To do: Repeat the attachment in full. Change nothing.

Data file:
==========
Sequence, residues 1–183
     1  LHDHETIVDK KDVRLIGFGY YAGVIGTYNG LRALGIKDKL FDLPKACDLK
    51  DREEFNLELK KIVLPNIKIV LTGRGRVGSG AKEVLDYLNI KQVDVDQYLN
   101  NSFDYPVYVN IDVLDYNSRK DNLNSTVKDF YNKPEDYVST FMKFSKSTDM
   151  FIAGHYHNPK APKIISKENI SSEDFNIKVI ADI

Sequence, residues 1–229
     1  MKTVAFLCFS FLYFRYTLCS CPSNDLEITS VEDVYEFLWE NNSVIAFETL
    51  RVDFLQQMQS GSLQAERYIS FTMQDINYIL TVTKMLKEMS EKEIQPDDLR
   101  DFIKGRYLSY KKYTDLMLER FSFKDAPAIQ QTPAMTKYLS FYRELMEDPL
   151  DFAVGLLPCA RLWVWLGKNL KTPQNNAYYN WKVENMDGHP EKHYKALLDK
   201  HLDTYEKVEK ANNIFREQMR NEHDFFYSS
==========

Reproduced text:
Sequence, residues 1–183
     1  LHDHETIVDK KDVRLIGFGY YAGVIGTYNG LRALGIKDKL FDLPKACDLK
    51  DREEFNLELK KIVLPNIKIV LTGRGRVGSG AKEVLDYLNI KQVDVDQYLN
   101  NSFDYPVYVN IDVLDYNSRK DNLNSTVKDF YNKPEDYVST FMKFSKSTDM
   151  FIAGHYHNPK APKIISKENI SSEDFNIKVI ADI

Sequence, residues 1–229
     1  MKTVAFLCFS FLYFRYTLCS CPSNDLEITS VEDVYEFLWE NNSVIAFETL
    51  RVDFLQQMQS GSLQAERYIS FTMQDINYIL TVTKMLKEMS EKEIQPDDLR
   101  DFIKGRYLSY KKYTDLMLER FSFKDAPAIQ QTPAMTKYLS FYRELMEDPL
   151  DFAVGLLPCA RLWVWLGKNL KTPQNNAYYN WKVENMDGHP EKHYKALLDK
   201  HLDTYEKVEK ANNIFREQMR NEHDFFYSS